Kent Development Codes Update

REALTORS® are supporting efforts being led by the Masterbuilders of King and Snohomish County to work with top staff memKent City logobers of the City of Kent – including Kent’s new City Administrator Derek Matheson. The efforts are intended to result in amendments to the City’s development codes and guidelines in order to improve the opportunities for construction of new housing in the City.

Focal points of the opportunities to position Kent as a “destination of choice” for new private sector investment in the City’s residential tax base are: tree retention standards, diminished garages, and stormwater management.

The initial response from the City has been encouraging.  The Masterbuilders noted that while Matheson was in Covington he led efforts to have that city adopt many common sense policy changes that were supportive of new development, approved by the City Council, and acceptable to residents.

To move the discussion forward, the Masterbuilders have produced a workable solution on the issue of diminished garages, which is to administratively produce a menu of design alternatives from submitted plans, supported by codification of the changes into city code.

Additionally, on Monday, February 9th, the Kent City Council’s Economic and Community Development Committee supported a staff recommendation to study the issue of Kent’s tree retention standards.  In particular, the City will be examining a tree credit ordinance drafted and proposed by the Masterbuilders and supported by the REALTORS®.  The proposal would provide needed flexibility while also reducing costs and enhancing long-term sylvan values in the City.  The City staffers expect to present their findings to the City’s Land Use and Planning Board (Kent’s Planning Commission) in late April, and to have a staff recommendation for the City Council’s Economic and Community Development Committee in May.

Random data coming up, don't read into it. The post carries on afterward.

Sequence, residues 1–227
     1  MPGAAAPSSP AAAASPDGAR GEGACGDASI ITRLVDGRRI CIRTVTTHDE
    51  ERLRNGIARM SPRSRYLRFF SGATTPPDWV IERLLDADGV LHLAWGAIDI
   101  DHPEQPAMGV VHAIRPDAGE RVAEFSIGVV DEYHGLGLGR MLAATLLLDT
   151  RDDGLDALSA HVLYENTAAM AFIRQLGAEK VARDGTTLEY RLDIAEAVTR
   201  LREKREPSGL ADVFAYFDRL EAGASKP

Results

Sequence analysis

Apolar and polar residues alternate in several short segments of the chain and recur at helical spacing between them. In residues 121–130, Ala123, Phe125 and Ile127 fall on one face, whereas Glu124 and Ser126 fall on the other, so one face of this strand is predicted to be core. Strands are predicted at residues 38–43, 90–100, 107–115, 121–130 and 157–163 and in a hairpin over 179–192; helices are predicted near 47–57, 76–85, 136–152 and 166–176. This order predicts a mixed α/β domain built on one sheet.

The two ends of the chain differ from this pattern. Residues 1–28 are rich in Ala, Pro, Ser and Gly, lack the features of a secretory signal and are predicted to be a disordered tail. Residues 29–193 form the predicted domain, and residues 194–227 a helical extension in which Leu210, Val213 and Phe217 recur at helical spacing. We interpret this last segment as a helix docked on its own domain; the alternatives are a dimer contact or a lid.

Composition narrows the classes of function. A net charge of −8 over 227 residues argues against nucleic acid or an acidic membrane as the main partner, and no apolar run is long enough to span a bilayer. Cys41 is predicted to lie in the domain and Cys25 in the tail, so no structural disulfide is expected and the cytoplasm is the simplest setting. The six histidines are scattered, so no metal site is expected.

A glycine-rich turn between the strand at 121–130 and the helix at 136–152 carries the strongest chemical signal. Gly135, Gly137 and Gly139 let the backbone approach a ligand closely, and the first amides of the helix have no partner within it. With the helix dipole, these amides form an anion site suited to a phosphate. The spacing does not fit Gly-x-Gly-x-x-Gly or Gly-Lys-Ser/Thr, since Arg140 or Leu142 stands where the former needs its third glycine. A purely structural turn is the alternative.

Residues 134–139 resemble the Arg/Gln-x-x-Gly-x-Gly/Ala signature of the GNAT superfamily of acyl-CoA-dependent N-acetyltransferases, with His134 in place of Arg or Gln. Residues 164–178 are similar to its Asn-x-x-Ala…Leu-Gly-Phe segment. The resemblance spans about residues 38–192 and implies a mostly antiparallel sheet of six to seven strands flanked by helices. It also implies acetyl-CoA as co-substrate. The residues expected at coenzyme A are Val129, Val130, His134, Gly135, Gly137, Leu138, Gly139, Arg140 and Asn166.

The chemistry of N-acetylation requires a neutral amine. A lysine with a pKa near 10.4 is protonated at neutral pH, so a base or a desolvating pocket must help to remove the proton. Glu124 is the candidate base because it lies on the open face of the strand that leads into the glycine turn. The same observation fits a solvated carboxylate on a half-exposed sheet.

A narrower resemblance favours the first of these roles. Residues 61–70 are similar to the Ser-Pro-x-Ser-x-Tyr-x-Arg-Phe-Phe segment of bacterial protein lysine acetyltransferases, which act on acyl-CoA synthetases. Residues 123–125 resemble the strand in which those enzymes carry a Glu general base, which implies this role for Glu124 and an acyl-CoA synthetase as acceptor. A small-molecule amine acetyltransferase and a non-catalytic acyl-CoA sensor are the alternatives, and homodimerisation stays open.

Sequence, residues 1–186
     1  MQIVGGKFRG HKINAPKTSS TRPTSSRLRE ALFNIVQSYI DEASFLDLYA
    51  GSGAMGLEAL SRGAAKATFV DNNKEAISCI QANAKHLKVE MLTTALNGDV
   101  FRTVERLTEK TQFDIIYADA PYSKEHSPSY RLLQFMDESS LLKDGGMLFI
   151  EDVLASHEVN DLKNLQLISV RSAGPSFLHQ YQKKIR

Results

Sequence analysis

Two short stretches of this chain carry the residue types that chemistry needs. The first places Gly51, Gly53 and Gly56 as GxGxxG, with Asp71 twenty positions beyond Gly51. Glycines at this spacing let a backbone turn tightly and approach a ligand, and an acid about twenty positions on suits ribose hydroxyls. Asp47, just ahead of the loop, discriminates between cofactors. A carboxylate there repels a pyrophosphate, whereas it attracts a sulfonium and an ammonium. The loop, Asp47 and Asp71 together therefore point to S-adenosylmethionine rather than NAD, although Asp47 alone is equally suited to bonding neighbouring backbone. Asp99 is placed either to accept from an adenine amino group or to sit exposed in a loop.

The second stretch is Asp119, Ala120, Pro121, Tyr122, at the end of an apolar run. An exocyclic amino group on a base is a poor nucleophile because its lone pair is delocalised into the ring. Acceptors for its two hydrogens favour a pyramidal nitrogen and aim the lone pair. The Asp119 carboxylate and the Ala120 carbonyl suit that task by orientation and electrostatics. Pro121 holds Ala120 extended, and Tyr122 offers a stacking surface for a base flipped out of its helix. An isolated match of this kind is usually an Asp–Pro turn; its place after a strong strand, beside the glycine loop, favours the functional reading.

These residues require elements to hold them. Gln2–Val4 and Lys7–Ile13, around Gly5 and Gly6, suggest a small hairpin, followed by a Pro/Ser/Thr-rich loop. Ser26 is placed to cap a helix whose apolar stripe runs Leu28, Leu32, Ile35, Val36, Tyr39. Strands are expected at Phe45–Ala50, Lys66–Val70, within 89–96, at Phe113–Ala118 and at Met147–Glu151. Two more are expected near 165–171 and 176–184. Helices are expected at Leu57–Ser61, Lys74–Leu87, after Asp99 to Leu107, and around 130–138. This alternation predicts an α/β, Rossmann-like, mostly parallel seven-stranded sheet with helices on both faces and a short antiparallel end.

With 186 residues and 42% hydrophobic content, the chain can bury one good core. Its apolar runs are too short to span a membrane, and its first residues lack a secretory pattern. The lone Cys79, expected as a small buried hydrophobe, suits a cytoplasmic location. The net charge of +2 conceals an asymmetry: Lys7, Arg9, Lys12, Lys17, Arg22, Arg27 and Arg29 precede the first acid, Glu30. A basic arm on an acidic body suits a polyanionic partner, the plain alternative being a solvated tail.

In addressing the issue for City Council members on February 9th the City’s staff advised council members that:

“The current tree preservation requirements were last updated in 2007. Since that time, staff has had many opportunities to apply the regulations, primarily during review of single-family subdivision applications.

This experience has revealed elements of the regulations that in application, conflict with other city requirements and often result in retention of trees that are incompatible with the new development.

For instance, when a tree grows in the open, it is exposed to the wind, and over time develops structural strength that keeps it standing in gusty conditions.  Trees made strong by exposure to wind are called ‘wind firm’. Conversely, when a tree grows up surrounded by other trees, it is exposed to less pressure from the wind, and develops less structural strength. When a wooded site is developed, removal of many trees is usually necessary. Those that are left standing as required by Kent’s current regulations are often not wind firm and are thus not suitable to remain in close proximity to homes. This is but one example of an unintended consequence connected with the current tree regulations that could be addressed through an update of Kent’s tree preservation code.”